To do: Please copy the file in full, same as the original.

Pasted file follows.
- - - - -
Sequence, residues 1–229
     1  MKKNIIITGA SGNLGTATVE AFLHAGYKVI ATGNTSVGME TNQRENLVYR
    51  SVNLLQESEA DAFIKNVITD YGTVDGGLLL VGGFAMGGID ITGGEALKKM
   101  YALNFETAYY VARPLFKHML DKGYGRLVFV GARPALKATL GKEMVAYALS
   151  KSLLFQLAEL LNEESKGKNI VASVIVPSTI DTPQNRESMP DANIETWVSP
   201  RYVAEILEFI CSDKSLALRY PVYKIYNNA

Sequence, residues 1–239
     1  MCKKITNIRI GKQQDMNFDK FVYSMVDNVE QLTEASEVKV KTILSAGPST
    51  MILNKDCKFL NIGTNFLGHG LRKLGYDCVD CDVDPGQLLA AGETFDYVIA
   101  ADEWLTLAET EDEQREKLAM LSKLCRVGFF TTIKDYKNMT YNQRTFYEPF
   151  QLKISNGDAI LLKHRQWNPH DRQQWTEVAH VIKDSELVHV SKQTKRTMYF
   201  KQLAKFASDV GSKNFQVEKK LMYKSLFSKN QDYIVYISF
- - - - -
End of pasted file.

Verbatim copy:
Sequence, residues 1–229
     1  MKKNIIITGA SGNLGTATVE AFLHAGYKVI ATGNTSVGME TNQRENLVYR
    51  SVNLLQESEA DAFIKNVITD YGTVDGGLLL VGGFAMGGID ITGGEALKKM
   101  YALNFETAYY VARPLFKHML DKGYGRLVFV GARPALKATL GKEMVAYALS
   151  KSLLFQLAEL LNEESKGKNI VASVIVPSTI DTPQNRESMP DANIETWVSP
   201  RYVAEILEFI CSDKSLALRY PVYKIYNNA

Sequence, residues 1–239
     1  MCKKITNIRI GKQQDMNFDK FVYSMVDNVE QLTEASEVKV KTILSAGPST
    51  MILNKDCKFL NIGTNFLGHG LRKLGYDCVD CDVDPGQLLA AGETFDYVIA
   101  ADEWLTLAET EDEQREKLAM LSKLCRVGFF TTIKDYKNMT YNQRTFYEPF
   151  QLKISNGDAI LLKHRQWNPH DRQQWTEVAH VIKDSELVHV SKQTKRTMYF
   201  KQLAKFASDV GSKNFQVEKK LMYKSLFSKN QDYIVYISF